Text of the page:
There is no doubt that today we are invaded by KPIs, ratios and data that show the hotel performance, revealing our strategies. They are essential to be able to adjust the optimization, however, not always was that easy in Revenue Management. At the beginning of the 21st century, we focused on obtaining any data that could support our strategies. Revenue Management was developing in an environment with limited systems. We were looking for indicators that would help us to predict customer behaviour. We knew that anticipation was crucial to maximize revenue. It was necessary to obtain all the data that was available. It was not only enough to know when the reservation was made; we needed to know why, at what rate, what day of the week, and the detailed impact of the demand on the booking curve. Segmentation was developed, we even added codes within each segment that would allow us to cross the reserved rate with the booking channel. Little by little, while we managed data using Excel reports, RMS emerged, getting the current flood of data.

Do we make proper use of the data?

If in Revenue Management we say that the only constant is change, it is precisely because of the variations that we have in demand and its optimization. A key task is to be able to read between numbers and manage the messages that the data contains. It is key isolate days showing abnormal behaviour focusing on trends. We must not react impulsively because a specific ratio is bad in a very short period. From experience, we must first monitor these ratios to identify opportunities and see if the trends are consolidated. Sometimes we have a large collection of KPIs and ratios not normally used in our daily operation. For example, it is very good to have data on the average stay and RevPar by room type or even by market segment with variations, however this information is useless if we do not act accordingly afterwards.

Without a doubt, we navigate in an ocean of data, with infinite numbers, variations and sometimes contradictions. I say this because the same ratio is shown differently depending on how we look at it, in absolute values ​​or percentage. Someone very optimistic can deduce that the result of a new campaign has increased 100% and be very satisfied with it. If we only keep this figure, we consider that it is the consequence of a successful campaign, however, if we analyze its absolute value, we went from selling 5 rooms to 10, transforming that 100% into only 5 additional rooms. It is true that we do not have ratios for everything, therefore we must always think globally. Perhaps the success of this campaign lies in an increase in visibility getting additional volume of reservations in other direct channels. Yes, the mere fact of obtaining the data is no longer enough, it is necessary to consider them within a global vision context and never in an isolated way.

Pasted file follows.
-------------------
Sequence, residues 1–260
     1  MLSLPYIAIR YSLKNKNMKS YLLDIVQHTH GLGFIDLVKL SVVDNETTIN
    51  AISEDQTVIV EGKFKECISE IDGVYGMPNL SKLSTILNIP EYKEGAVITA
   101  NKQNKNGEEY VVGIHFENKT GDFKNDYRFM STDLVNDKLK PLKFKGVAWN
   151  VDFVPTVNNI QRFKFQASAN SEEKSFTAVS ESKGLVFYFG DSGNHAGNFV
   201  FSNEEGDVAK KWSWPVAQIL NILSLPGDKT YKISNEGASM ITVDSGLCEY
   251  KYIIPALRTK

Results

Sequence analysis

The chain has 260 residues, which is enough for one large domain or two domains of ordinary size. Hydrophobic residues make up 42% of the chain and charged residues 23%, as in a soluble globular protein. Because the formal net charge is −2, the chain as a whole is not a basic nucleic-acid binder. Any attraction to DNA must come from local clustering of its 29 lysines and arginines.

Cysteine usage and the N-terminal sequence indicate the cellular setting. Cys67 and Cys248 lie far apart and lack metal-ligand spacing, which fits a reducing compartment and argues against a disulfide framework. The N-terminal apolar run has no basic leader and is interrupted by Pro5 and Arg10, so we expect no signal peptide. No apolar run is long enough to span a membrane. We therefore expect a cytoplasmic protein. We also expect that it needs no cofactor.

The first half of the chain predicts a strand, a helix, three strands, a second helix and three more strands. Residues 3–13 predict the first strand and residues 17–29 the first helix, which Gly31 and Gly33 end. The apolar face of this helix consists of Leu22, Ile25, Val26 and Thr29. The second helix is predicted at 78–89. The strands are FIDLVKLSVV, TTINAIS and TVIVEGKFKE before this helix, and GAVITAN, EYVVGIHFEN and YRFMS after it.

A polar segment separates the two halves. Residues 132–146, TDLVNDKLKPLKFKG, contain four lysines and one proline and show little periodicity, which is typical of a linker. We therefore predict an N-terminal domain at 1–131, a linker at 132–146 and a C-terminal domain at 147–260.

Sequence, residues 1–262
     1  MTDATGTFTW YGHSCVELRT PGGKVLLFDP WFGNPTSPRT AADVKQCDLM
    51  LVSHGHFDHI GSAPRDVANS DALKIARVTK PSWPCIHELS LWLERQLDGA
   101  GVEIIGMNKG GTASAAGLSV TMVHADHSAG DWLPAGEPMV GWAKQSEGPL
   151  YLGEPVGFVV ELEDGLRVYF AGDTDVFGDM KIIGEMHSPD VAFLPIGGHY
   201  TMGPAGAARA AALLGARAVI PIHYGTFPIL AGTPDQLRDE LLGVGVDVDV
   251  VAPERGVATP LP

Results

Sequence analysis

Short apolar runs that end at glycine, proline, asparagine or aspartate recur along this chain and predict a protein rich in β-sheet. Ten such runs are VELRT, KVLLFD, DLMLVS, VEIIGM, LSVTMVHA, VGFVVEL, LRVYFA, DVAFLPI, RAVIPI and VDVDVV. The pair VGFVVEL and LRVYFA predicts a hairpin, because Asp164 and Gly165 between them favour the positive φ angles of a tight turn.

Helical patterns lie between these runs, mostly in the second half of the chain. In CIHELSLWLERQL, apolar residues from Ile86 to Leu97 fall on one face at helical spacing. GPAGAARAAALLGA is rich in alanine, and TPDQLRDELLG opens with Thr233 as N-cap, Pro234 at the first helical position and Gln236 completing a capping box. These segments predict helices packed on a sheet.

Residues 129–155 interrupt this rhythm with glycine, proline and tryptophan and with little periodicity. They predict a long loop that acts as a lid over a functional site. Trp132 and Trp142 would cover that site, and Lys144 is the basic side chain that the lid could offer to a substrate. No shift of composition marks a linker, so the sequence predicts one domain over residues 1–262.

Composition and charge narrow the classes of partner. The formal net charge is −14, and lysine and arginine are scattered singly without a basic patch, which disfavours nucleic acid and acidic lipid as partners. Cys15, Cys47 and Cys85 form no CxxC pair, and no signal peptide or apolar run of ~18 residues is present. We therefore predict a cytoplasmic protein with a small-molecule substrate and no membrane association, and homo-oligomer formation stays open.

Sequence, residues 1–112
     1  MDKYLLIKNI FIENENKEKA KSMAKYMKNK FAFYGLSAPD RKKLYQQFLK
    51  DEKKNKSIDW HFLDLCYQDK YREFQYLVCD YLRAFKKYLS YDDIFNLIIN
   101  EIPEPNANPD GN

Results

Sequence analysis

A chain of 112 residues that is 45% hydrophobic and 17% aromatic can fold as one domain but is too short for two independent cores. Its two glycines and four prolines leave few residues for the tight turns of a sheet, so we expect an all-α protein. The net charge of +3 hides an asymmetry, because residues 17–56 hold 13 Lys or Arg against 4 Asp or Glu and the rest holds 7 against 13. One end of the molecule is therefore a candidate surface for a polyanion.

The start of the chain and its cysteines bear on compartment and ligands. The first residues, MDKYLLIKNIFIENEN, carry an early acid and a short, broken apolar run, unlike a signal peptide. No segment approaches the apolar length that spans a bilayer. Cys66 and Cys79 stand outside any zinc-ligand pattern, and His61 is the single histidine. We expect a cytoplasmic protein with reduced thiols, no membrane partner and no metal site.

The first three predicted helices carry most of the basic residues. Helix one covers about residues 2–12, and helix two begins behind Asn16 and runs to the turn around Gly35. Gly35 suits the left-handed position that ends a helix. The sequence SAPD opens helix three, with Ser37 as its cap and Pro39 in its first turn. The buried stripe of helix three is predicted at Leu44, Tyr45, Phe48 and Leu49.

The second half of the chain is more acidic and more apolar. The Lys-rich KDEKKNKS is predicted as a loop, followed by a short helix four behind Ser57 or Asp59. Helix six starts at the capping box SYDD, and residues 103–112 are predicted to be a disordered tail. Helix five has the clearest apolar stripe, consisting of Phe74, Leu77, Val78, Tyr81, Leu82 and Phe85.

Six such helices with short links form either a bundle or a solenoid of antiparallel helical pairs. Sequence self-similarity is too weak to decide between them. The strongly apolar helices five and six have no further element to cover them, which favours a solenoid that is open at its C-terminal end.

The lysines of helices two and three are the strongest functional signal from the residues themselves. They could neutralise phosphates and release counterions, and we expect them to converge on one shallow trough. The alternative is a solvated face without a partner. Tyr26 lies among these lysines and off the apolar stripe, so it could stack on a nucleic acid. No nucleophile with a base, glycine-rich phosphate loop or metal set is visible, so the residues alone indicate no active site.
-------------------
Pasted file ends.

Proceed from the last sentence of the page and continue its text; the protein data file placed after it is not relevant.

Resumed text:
Urgent, important, and necessary data

In the same way that we must manage and differentiate urgent tasks from important ones, not always being easy, personally I make the same differentiation. I consider “urgent data” to be those data that, as soon as they are obtained, generate an immediate action. For example, if we have 70% occupancy in the lowest category on a day where the indicators consider a potential sell out day, we must close the channels that give us lower performance as soon as possible and do it urgently in order to optimize the inventory.

On the other hand, I consider “important data” to be those indicators that do not require an immediate urgent reaction; however, we need them to establish the necessary strategy changes. These are key variables, for example, the booking curve, pick-up trend or other indicators that require action in the short term.

And, finally, I call “necessary data”, those KPIs and ratios, which, not being used on a day-to-day basis, measure the hotel’s performance over a considerable period. They mark the evolution of trends with long-term impact. For example, the nationality data of our clients or market niches that we cannot change from one day to the next, but that can be considered for a change in future strategy. These data are therefore necessary to carry out a future strategic plan, impacting our objectives.